In a sense, Minecraft: Xbox 360 Edition has become a console game, not just in terms of its new platform, but in terms of the experience it provides. Add in the simplified crafting menu, the drop in/drop out networking and the four-player split screen and you have a structure that’s much more recognisable to people who grew up playing Final Fantasy and Grand Theft Auto rather than, say, Sim City or for that matter, Infiniminer. The game is being re-invented for a whole new audience. As Burns explains, “I think mainly due to the ease of starting a multiplayer game, we’re seeing a lot more drop in/drop out play happening on the Xbox, and we are getting a lot of great feedback from families sitting down together in the living room and playing the game in splitscreen. It seems that the simplification of the crafting system, and the tutorial, is making it a lot easier for the younger family members to understand and play.”
Part of what 4J Studios is doing now then, is adding to that user-friendliness, bolstering this sense of becoming a console product. This is going to come out over incoming updates. For example, apparently lots of Xbox players have asked for a coordinates system so they know where they are on the map, are able to record the positions of houses and caverns, and know how deep they’re mining – which is crucial in the search for rarer minerals. “We’re adding this display to the in-game map, and that will be in the bug fix patch coming soon,” says Burns.
So how is the update process coming along? “We’re currently working on a bug fix update which will address as many of the issues reported in the bug list on the Xbox section in http://www.minecraftforums.net as possible,” says Burns. “We’re also adding in a few features that people are asking for. In parallel, we have an update in early testing to add the features from the Beta 1.7.3 version of the PC game, and after that we’ll be focusing on the big update to the Beta 1.8.2 features. Beyond this, we’ll be continuing to update to the newer PC version features, and will also be looking at what new content specific to the Xbox 360 we can add.”
Beta 1.7.3 adds a couple of interesting new tools, namely pistons and shears – and 4J is extending the tutorial section to explain how pistons can be used in conjunction with mechanisms like levers. But it’s the 1.8 update that most will be looking out for. As Paddy mentioned to Official Xbox Magazine, this is a major step-forward, adding the Creative Mode (for free access to resources and the power to fly) as well as new enemies and features. “I think the new biomes, villagers and new animals are the things I’m looking forward to,” says Burns.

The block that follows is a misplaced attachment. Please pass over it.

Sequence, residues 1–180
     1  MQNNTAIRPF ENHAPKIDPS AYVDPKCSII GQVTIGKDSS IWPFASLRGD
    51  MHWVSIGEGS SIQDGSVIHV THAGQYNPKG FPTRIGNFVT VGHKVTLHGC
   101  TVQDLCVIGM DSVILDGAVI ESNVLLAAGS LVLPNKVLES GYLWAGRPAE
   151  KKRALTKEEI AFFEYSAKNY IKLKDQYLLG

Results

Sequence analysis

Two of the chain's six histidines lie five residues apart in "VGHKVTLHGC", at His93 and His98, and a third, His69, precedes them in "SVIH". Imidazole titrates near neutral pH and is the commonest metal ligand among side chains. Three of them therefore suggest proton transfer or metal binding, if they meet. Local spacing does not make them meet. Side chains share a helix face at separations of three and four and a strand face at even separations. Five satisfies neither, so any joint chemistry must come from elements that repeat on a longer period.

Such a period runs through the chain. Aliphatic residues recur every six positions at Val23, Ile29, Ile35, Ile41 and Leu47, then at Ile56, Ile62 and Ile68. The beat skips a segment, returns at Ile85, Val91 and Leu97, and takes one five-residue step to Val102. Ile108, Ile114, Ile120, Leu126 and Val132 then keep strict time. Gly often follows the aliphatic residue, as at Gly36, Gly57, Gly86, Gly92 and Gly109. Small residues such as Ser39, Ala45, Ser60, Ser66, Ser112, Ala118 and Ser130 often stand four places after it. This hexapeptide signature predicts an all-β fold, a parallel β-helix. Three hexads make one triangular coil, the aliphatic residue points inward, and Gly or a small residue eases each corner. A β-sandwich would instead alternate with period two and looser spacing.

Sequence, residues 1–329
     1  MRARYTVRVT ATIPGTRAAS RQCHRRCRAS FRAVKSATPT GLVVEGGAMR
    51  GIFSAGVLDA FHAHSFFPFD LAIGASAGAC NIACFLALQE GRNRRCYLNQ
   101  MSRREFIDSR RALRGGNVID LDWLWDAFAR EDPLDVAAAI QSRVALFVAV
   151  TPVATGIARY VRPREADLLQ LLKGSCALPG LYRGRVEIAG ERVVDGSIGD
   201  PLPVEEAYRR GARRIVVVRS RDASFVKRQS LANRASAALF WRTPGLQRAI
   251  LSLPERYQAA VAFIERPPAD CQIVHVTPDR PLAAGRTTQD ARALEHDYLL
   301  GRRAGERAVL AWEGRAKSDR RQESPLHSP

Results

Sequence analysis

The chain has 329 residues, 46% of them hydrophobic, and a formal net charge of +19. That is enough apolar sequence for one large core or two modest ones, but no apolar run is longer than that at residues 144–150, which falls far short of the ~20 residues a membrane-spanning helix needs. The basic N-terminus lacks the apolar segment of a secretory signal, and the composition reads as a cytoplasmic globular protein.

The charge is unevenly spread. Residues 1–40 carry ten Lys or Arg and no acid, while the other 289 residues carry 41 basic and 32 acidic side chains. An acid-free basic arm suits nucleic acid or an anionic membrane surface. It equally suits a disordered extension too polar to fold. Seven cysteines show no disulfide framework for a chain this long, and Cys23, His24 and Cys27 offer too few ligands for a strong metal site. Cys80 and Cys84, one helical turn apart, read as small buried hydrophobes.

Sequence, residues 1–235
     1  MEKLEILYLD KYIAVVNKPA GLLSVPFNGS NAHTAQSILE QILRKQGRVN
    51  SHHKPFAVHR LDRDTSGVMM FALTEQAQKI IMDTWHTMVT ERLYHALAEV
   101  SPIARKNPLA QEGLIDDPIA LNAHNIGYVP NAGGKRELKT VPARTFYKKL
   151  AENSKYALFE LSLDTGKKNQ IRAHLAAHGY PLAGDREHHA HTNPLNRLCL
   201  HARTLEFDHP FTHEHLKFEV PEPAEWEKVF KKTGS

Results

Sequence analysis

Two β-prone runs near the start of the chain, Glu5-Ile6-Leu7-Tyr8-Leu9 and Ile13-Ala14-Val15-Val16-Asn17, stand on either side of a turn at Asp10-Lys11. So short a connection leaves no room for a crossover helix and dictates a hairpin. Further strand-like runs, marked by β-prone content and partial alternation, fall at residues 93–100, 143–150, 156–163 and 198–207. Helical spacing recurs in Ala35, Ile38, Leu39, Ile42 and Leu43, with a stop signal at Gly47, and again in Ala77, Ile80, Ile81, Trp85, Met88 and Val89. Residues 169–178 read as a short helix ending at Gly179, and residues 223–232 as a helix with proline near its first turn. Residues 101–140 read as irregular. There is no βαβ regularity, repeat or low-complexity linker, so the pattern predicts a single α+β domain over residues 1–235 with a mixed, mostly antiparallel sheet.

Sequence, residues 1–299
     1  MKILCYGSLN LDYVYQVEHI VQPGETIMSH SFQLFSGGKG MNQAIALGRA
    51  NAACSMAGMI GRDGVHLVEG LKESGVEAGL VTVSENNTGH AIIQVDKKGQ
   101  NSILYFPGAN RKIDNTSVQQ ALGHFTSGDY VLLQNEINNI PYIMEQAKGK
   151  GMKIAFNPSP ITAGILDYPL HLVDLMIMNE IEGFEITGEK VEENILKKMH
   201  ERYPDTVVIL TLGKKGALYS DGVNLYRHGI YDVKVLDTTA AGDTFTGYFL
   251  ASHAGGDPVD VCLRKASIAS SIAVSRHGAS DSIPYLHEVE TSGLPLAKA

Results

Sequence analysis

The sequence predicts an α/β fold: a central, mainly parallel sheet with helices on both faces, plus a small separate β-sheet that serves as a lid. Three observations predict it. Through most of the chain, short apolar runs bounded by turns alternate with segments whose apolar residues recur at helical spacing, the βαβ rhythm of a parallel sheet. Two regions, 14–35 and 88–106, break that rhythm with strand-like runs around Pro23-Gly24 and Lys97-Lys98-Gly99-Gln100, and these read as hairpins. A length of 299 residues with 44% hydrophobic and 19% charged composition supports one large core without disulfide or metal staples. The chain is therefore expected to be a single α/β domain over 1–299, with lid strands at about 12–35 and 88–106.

I did wonder though, how the conversion experience has been for any Minecraft fanatics on the 4J team. Has it deepened or destroyed their love of the game? “It’s always interesting porting a game’s source code and learning from the bottom up how it works – and it is a good way to learn what’s possible,” says Burns. “But in many ways, it spoils the game for the programmers. One of the first things we did was build a debug interface to allow us to add whatever we wanted to our inventories, stop time, start environmental effects, etc. This makes for much faster porting and testing of features, but means we hardly ever play the game the way it’s supposed to be played…”
It’s interesting because there’s a question mark over whether anyone ever plays Minecraft in the way it’s ‘supposed’ to be played – and if that did exist, surely it has changed again as soon as the franchise has come into contact with console technology and console gamers. I thought perhaps there had at least been an attempt to stamp down on some of the more eccentric elements of Minecraft lore – for example, the fabled existence of the ghostly Herobrine character. I remarked to Paddy about a message that sometimes appears on the Minecraft XBLA menu screen, suggesting that Herobrine doesn’t exist and isn’t in the game. “I have to correct you there,” says Burns. “The title page doesn’t say there’s no Herobrine, just that we might have removed him…”
Some things never change then – including the continuing sense that the ‘real’ Minecraft exists somewhere between the intentions of Mojang and the imagination of its players.